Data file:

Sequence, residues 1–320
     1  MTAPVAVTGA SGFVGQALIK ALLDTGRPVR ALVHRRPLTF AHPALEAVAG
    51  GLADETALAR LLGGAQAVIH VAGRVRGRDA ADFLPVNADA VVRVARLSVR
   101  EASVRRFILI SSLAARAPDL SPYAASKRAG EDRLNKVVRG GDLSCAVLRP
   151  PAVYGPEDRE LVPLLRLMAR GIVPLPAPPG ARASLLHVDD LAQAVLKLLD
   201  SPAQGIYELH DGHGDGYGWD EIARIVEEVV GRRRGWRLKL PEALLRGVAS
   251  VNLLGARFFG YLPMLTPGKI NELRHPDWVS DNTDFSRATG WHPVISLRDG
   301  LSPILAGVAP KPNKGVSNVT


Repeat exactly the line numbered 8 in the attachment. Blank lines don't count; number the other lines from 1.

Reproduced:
   301  LSPILAGVAP KPNKGVSNVT